https://www.universal-radio.com/catalog/hamantht/2714.html

https://rattailantenna.com/

https://www.eham.net/reviews/detail/3039

http://mparam.s3.amazonaws.com/RatTail.html

you can make your own:

http://www.hamuniverse.com/htantennamod.html
 
RE: Radiographic Examination of Rubber Ducks  
by KM1H on August 6, 2018 Mail this to a friend!
"i took my mfj 259-c analyser along to a ham radio outlet store some years ago when shopping for a 2m rubber duck.
oh, boy.
they weren't very happy with the results, and neither was i. a couple didn't work at all."

You really didnt think that was an accurate test? Without knowing the details of the antenna and radio design it doenst even approach a feel good maybe.
 
RE: Radiographic Examination of Rubber Ducks  
by KA7EKW on August 9, 2018 Mail this to a friend!
Just a thought, but when I was working with highly-sensitive semiconductors (BOY, was it easy to hurt their feelings!), I wore a conductive strap around my shoe, to make contact with the metal-impregnated floor cover and keep me grounded.

I wonder if there would be any effect from running a ground wire from an HT to such a strap, using a remote speaker mike and leaving the HT clipped to the belt.

I remember a NASA paper from about 1980, detailing the use of wrist bands and body EMF conductance as low-power antennas at certain VHF and UHF frequencies.
 
Radiographic Examination of Rubber Ducks  
by K5DH on August 10, 2018 Mail this to a friend!
Thanks for an interesting read!
 
RE: Radiographic Examination of Rubber Ducks  
by LYFAN on August 10, 2018 Mail this to a friend!
Interesting to see that they are not all simple helicals, but that some use different sections of different construction. Which pretty much explains why so many "identical" rubber ducks vary so much in performance. Nice to finally know!
 
RE: Radiographic Examination of Rubber Ducks  
by W3UEC on August 14, 2018 Mail this to a friend!

Please take into account that a major (if not most important) limiting factor to the useful clarity of the images presented here is the size and resolution of the monitor or screen on which we view them.

VY 73 de W3UEC
 
Radiographic Examination of Rubber Ducks  
by K0FF on August 17, 2018 Mail this to a friend!
Thanks for the well written and interesting article.

Geo>K0FF
 
Radiographic Examination of Rubber Ducks  
by XE1UFO on August 20, 2018 Mail this to a friend!
Great read!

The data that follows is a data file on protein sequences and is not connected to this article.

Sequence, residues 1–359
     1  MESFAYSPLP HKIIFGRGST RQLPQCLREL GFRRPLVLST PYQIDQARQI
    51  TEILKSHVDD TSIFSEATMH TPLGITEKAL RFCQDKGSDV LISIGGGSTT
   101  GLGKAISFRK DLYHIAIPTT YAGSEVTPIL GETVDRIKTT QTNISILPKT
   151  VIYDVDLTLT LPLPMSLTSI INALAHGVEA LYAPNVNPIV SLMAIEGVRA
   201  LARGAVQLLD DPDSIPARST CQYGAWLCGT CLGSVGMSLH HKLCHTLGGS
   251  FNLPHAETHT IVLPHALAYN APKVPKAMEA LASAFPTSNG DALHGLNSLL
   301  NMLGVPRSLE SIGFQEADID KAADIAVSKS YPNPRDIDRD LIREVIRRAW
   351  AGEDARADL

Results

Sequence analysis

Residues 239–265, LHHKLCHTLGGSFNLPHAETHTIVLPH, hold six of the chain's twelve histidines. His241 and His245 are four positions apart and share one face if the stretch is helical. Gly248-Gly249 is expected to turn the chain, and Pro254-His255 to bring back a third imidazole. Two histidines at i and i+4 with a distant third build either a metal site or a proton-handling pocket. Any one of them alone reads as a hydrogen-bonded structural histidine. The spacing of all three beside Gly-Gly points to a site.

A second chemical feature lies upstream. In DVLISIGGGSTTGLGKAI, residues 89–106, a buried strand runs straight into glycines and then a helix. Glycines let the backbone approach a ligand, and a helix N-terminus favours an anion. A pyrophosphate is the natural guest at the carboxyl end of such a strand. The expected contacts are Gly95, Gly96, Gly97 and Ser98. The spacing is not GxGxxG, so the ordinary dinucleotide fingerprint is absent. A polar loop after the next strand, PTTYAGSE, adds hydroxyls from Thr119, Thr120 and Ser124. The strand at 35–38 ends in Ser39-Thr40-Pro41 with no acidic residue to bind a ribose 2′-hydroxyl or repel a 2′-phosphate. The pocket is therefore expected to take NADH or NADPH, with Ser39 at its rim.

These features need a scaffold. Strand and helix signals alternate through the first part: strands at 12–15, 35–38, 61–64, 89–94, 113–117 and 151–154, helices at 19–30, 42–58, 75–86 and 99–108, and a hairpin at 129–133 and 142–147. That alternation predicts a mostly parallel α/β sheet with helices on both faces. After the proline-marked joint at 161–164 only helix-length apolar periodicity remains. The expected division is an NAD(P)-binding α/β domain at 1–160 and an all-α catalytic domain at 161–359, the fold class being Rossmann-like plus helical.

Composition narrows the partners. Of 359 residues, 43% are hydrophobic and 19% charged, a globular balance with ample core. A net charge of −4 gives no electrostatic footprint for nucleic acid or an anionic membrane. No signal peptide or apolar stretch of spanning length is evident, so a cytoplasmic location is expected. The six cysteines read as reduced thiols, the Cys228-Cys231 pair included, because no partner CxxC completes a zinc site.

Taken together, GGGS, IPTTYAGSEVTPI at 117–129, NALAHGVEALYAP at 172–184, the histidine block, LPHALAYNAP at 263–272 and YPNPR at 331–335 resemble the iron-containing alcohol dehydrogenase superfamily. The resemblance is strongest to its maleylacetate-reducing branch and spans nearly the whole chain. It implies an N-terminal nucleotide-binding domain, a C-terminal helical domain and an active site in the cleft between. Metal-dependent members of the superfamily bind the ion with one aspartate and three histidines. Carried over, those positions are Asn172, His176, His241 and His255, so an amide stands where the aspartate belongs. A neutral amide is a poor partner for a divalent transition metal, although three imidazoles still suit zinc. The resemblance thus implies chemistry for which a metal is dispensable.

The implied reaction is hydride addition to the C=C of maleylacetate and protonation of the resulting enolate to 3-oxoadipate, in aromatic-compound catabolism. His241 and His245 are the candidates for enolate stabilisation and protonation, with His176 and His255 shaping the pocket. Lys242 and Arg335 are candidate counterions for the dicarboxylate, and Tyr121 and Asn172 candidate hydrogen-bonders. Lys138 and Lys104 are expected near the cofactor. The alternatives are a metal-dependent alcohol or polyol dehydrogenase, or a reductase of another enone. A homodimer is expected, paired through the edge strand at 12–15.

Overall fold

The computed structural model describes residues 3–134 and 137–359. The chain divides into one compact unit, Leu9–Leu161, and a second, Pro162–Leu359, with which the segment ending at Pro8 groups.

Let me add that you can purchase "tool handle dip" at your local Wal-Mart, which does a great job of replacing the rubber on your rubber duckie, if you have peeled it away, either deliberately or accidentally. We also can use it to protect our home-made coils and traps from the weather.

73 de XE1UFO a.k.a. KA5SUT
 
RE: Radiographic Examination of Rubber Ducks  
by N4TRC on August 26, 2018 Mail this to a friend!
When the plastic of my HT duckie antenna went bad, I just peeled it off bit by bit, then replaced it w/ heat shrink wrap... a little hot glue in the tip, seems good as new!
 
Radiographic Examination of Rubber Ducks  
by KC5YN on August 29, 2018 Mail this to a friend!

Thanks for taking the time to share this well written and general interest article.

I have often wondered why there are not CQ or QST tests (that I could find) on the 'Duckies'.

Fred
 
RE: Radiographic Examination of Rubber Ducks  
by K3GAU on August 31, 2018 Mail this to a friend!
The problem with trying to measure "rubber ducky" SWR is that they are only half of the antenna just like most other vertical antennas. What forms the rest of the antenna (the ground plane) critically affects how the ducky performs and the SWR you measure.

We got into that some years ago when we were trying to design a ducky antenna for manufacture. Small HTs and even the 259s don't form much of a good ground plane at 6 mtr, 2 mtr or even 70 cm and what effect does your hand, arm or other body part have?

I think most rubber ducks are designed with a bit of a "one wet finger in the air" approach or the designer uses what they think is 'roughly equivalent' to what they will be used on unless they know for sure what it will be mounted on. :-)
Dave K3GAU
 
Email Subscription
You are not subscribed to discussions on this article.

Subscribe!
My Subscriptions
Subscriptions Help

Other Antennas Articles
Nearly Cheap Homebrew QRP Vertical